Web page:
Shoddy journalism boosts anti-biotechnology activism
A Washington Post article, “The Future of Food,” discussed the methods we use to breed food crops, but the piece suffered from “pseudo-balance” commonly seen these days in journalism: seeking out clueless commentators to contradict advocates of superior modern genetic modification techniques. We hate to break it to the author of the article (who holds a bachelor’s degree in “magazine journalism, international relations and Spanish”) but, in spite of what they teach you in journalism classes, not every issue has two sides and benefits from point-counterpoint.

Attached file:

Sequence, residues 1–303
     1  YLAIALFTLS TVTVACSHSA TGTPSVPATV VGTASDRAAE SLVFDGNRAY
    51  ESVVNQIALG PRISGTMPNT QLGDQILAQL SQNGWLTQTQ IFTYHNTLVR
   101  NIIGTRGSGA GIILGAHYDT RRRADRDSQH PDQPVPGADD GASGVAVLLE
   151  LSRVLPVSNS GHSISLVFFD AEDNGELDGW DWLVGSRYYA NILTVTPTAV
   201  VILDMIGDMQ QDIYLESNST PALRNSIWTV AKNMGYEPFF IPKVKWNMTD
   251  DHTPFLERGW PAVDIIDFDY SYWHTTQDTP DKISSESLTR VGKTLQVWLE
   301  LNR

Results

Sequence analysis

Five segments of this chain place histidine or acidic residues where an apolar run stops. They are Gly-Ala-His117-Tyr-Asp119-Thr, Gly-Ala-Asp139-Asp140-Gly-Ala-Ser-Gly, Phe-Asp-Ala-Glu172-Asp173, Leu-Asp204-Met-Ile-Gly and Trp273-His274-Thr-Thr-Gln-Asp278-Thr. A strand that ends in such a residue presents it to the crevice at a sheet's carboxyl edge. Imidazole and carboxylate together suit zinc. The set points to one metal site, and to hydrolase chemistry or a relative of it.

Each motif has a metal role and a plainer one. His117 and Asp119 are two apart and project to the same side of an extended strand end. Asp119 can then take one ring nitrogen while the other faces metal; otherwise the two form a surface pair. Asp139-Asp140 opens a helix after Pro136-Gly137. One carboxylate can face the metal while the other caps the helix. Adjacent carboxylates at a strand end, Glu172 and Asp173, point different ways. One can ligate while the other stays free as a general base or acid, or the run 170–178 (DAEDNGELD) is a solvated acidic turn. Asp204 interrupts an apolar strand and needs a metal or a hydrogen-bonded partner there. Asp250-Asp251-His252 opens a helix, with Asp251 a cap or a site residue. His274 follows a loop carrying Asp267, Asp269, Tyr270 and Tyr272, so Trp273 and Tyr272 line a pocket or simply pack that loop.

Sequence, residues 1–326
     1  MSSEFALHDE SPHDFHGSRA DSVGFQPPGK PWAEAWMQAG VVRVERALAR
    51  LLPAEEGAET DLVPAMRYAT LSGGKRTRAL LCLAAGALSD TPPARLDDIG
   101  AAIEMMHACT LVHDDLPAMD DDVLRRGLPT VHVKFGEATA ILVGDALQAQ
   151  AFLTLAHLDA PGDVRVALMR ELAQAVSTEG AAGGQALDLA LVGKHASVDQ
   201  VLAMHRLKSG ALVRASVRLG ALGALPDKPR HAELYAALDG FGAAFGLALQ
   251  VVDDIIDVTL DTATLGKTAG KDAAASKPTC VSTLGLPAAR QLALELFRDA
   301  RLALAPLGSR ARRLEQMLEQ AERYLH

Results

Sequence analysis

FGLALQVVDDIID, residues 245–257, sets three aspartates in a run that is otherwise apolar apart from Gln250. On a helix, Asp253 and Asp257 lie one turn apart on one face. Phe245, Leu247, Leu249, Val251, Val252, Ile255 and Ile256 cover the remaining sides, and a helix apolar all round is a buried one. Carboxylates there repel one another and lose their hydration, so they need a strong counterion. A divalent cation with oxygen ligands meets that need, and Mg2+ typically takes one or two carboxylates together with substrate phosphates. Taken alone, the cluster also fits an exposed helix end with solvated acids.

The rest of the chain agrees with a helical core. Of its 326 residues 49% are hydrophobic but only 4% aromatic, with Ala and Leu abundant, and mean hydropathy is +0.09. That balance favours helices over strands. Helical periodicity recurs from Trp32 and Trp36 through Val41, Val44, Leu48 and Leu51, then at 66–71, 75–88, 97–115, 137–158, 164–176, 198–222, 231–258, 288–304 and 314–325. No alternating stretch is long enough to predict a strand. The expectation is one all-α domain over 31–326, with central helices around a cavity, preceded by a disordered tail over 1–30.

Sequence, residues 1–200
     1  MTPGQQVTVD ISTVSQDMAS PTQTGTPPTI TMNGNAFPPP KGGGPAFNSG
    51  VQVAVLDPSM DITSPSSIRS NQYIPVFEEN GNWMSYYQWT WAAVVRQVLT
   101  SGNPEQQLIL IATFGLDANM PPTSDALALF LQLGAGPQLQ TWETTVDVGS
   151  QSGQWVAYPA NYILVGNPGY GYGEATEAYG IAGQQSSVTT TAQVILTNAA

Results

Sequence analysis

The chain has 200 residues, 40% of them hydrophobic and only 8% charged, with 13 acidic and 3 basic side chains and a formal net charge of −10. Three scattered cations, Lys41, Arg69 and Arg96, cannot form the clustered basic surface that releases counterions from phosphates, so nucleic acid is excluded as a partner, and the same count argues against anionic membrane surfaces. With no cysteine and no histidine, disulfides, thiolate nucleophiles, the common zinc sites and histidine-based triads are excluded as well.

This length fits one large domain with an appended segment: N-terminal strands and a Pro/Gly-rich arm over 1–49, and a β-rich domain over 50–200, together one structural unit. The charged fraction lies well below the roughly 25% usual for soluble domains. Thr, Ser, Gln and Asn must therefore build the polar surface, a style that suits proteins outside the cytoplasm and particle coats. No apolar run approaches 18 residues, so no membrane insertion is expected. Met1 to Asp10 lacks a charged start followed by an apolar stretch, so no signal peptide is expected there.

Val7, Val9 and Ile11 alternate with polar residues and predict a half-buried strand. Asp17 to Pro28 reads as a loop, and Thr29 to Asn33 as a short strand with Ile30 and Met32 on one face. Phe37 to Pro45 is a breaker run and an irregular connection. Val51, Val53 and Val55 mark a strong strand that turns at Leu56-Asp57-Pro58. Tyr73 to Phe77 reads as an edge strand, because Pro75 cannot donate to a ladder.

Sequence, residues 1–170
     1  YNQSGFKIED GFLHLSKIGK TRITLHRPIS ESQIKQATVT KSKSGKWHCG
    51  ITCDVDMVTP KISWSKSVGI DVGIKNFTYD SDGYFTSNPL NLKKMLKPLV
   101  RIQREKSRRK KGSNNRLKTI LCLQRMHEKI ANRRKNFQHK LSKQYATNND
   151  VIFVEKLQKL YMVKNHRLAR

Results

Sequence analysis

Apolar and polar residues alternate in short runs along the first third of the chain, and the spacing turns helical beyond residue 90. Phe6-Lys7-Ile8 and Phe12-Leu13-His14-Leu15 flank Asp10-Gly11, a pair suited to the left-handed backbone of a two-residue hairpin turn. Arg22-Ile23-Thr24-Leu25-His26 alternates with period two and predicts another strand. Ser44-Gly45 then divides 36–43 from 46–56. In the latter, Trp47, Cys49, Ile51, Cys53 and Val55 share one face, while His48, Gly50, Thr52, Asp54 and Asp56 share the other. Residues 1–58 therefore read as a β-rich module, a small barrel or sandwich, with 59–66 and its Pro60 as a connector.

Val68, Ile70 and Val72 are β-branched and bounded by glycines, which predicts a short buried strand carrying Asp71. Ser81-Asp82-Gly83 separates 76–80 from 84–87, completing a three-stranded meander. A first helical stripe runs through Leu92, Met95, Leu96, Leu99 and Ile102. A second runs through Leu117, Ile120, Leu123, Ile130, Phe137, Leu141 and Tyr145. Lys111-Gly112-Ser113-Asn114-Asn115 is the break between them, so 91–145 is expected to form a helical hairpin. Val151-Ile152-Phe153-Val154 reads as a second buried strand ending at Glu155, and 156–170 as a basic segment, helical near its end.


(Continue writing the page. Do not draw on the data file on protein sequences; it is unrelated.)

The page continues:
Because most of society is between two and six generations removed from farming, that subject is largely terra incognita, literally and figuratively. This lack of knowledge makes the public very susceptible to fear-based marketing of food.
Humans have been modifying the DNA of our food for thousands of years. We call it agriculture. Early farmers (>10,000 years ago) used selective breeding to guide DNA changes in crops to better suit our needs. Approximately a hundred years ago plant breeders began using harsh chemicals and/or radiation to randomly change, or mutate, the DNA of crops. These mutagens caused innumerable changes to the DNA, none of which were characterized or examined for safety. Problems were rare. Today more than half of all food crops have mutagenesis breeding as part of their pedigree. Read the article.